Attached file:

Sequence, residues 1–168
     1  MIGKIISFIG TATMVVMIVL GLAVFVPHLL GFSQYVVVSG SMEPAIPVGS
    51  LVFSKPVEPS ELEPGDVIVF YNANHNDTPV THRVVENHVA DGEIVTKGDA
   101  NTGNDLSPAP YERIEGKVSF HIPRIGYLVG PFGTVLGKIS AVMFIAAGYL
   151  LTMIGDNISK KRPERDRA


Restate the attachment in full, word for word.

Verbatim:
Sequence, residues 1–168
     1  MIGKIISFIG TATMVVMIVL GLAVFVPHLL GFSQYVVVSG SMEPAIPVGS
    51  LVFSKPVEPS ELEPGDVIVF YNANHNDTPV THRVVENHVA DGEIVTKGDA
   101  NTGNDLSPAP YERIEGKVSF HIPRIGYLVG PFGTVLGKIS AVMFIAAGYL
   151  LTMIGDNISK KRPERDRA